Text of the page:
ROM4 signals and a hypothetical
RW signal at the electronics level to control the
!OE signal of the level shifter. But it would complicate the design and reduce the flexibility of the solution. So we will keep the
So the new wave diagram of the access to the Atari ST cartridge address and data bus will be like this:
But this is also an ideal scenario. Things are more complicated and the time needed to stabilize the signals in the buses is not negligible. So we will have to take into account the time needed to stabilize the signals in the buses. And we will have to take into account the time needed to change the direction of the GPIOs. But here comes the RP2040 and its Programmable IO (PIO) to the rescue.
The RP2040 introduces a novel feature known as Programmable Input/Output (PIO) blocks to the world of microcontrollers. These PIOs are highly versatile, providing a new layer of adaptability and control in interfacing with external devices and managing I/O pins. It provides an interface that allows developers to execute custom programs to manipulate digital I/O pins directly. It allows to create custom interfaces and data protocols, even allowing for the emulation of certain peripheral interfaces. As a low level interface is capable of execute code at a very high and predictable speed. It executes instructions independently of the ARM cores and operates typically on a basis of one instruction per clock cycle, even reading or writing to the GPIOs.
The address bus is read when the
!ROM3 signals are low. The address bus is 16 bits wide, so it will take 2 clock cycles
This is an example of a long word access to the address &FAF0F0. To retrieve these long word the 68000 will perform two consecutive word accesses to the address &FAF0F0 and &FAF0F2. The first word access will retrieve the lower word and the second word access will retrieve the upper word.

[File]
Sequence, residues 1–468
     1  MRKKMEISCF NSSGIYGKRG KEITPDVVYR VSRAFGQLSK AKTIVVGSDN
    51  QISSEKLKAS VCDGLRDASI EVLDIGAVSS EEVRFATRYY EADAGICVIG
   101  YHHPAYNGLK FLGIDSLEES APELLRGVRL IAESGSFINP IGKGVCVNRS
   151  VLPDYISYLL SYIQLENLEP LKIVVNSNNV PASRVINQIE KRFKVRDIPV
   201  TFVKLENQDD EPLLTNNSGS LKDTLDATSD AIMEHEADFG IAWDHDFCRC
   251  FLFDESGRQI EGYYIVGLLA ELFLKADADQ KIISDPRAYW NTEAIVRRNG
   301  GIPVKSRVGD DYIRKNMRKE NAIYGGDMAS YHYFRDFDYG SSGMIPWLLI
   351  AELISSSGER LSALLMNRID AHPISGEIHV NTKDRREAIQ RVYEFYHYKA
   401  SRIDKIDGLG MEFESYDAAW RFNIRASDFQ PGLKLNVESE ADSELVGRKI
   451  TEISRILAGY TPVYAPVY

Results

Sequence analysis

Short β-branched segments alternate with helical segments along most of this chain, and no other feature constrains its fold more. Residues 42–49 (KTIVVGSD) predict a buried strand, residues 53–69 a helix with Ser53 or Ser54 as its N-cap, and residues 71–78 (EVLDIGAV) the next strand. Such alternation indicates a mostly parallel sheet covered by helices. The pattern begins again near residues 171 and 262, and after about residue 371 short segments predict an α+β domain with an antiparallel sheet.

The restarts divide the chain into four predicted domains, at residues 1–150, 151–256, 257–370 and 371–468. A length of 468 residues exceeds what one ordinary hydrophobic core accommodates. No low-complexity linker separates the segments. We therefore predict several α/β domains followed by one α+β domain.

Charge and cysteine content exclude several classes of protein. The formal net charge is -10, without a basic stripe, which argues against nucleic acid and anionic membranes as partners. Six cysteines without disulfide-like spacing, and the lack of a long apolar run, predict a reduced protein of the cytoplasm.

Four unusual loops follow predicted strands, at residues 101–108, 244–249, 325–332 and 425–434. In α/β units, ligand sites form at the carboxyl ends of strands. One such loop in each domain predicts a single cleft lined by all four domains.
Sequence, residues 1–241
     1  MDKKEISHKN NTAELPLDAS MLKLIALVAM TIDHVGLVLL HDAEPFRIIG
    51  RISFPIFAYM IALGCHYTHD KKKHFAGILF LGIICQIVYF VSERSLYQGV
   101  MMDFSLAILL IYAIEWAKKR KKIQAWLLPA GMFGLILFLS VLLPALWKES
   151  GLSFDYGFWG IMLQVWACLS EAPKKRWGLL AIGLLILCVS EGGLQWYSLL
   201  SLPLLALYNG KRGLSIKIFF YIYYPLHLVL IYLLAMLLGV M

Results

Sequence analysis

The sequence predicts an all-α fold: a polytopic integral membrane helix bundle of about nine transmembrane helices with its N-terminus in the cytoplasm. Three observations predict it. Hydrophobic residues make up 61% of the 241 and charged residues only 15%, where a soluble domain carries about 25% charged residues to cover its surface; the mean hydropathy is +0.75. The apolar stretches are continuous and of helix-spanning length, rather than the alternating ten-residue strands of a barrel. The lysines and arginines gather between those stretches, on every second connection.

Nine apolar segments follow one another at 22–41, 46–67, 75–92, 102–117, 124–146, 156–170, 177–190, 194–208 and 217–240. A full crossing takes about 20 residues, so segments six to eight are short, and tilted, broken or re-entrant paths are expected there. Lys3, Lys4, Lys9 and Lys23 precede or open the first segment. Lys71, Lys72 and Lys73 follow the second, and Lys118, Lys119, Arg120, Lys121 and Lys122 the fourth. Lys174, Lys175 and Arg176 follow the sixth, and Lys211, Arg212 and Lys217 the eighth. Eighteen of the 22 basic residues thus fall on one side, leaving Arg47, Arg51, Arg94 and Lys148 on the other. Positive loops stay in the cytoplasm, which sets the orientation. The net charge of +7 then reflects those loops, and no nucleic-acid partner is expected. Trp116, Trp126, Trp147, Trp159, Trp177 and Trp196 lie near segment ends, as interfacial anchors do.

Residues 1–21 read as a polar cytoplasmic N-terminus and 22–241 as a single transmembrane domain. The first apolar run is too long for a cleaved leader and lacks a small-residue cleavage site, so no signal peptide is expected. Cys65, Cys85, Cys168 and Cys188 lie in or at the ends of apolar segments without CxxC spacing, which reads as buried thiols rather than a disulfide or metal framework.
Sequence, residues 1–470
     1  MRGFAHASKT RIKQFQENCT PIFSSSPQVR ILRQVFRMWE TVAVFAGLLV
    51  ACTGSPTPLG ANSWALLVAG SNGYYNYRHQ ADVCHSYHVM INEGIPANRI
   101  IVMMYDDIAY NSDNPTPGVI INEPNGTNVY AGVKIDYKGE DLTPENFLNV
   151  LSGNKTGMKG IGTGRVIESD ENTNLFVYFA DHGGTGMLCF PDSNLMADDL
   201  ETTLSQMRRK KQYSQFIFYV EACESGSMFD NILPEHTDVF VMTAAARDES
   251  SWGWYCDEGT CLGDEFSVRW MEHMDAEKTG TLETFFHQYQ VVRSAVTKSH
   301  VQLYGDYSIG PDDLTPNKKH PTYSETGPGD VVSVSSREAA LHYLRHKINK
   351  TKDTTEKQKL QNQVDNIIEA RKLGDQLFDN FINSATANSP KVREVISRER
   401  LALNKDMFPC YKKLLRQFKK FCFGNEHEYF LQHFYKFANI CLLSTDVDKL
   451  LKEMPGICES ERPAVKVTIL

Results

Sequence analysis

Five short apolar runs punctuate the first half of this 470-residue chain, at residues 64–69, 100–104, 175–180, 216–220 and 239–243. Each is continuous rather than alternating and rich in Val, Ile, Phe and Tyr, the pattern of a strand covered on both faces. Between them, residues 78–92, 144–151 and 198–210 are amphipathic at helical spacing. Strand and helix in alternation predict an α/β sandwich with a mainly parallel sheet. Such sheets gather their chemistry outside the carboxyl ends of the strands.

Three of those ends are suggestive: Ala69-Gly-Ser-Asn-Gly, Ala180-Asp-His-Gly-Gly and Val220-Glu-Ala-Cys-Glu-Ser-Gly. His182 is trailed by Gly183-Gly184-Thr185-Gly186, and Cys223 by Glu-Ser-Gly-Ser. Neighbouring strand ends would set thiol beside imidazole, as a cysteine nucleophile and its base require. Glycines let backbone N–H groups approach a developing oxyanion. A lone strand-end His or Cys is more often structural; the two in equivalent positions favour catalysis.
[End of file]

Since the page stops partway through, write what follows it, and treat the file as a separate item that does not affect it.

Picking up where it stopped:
As we can see in the logic analyzer output, the address is stable 56ns (8ns x 7 characters) before the
!ROM4 signal is low. Considering that the address bus signals also have to cross the level shifter, the address bus signals will be stable way before the
!ROM4 signal is low. So it’s safe to read the address bus as soon as any
!ROMx signas are low.
This diagram shows the address bus signals crossing the 75LVS245 level shifter with the
!OE signal in low state. When the
!OE signal is low the level shifter is enabled and the signals are allowed to cross from one side to the other. So all the address bus signals will propagate from the Atari ST side to the RP2040 side.
ns 0 SCycle 1 (500ns) SCycle 2 (500ns) ——|————————————————————-|————————————————————–|
ns 0 80 160 240 320 400 480 560 640 720 800 880 960 ——|———|———|———|———|———|———|———|———|———|———|———|———|—-
!LDS: ____________———————–____________———————– A1: __________________—————————————————————___ A2: ______________________________________-_ A3: ________________________________________——– A4: ———————————————————————————————————————___ A5: —————————————————————————————————————————- A6: ———————————————————————————————————————___ A7: ———————————————————————————————————————___ A8: ________________________________________——- A9: ________________________________________——- A10: ________________________________________-_ A11: ________________________________________——- A12: —————————————————————————————————————————- A13: ———————————————————————————————————————__ A14: —————————————————————————————————————————- A15: —————————————————————————————————————————-
To avoid unnecessary reads to the address bus, we can use the
!ROM3 signals to control when the address bus is read. The access to bus is allowed when the
!ROM3 signals are low. The
!OE signal of the level shifter is controlled by the
!ROM3 signals, so the address bus signals will be propagated to the RP2040 side only when the
!ROM3 signals are low.
Striclty speaking, the level shifter
!OE signal could be connected always to GND and the address bus signals will be propagated always to the RP2040 side. In the RP2040 side we can use the
!ROM3 signals to control when the address bus is read.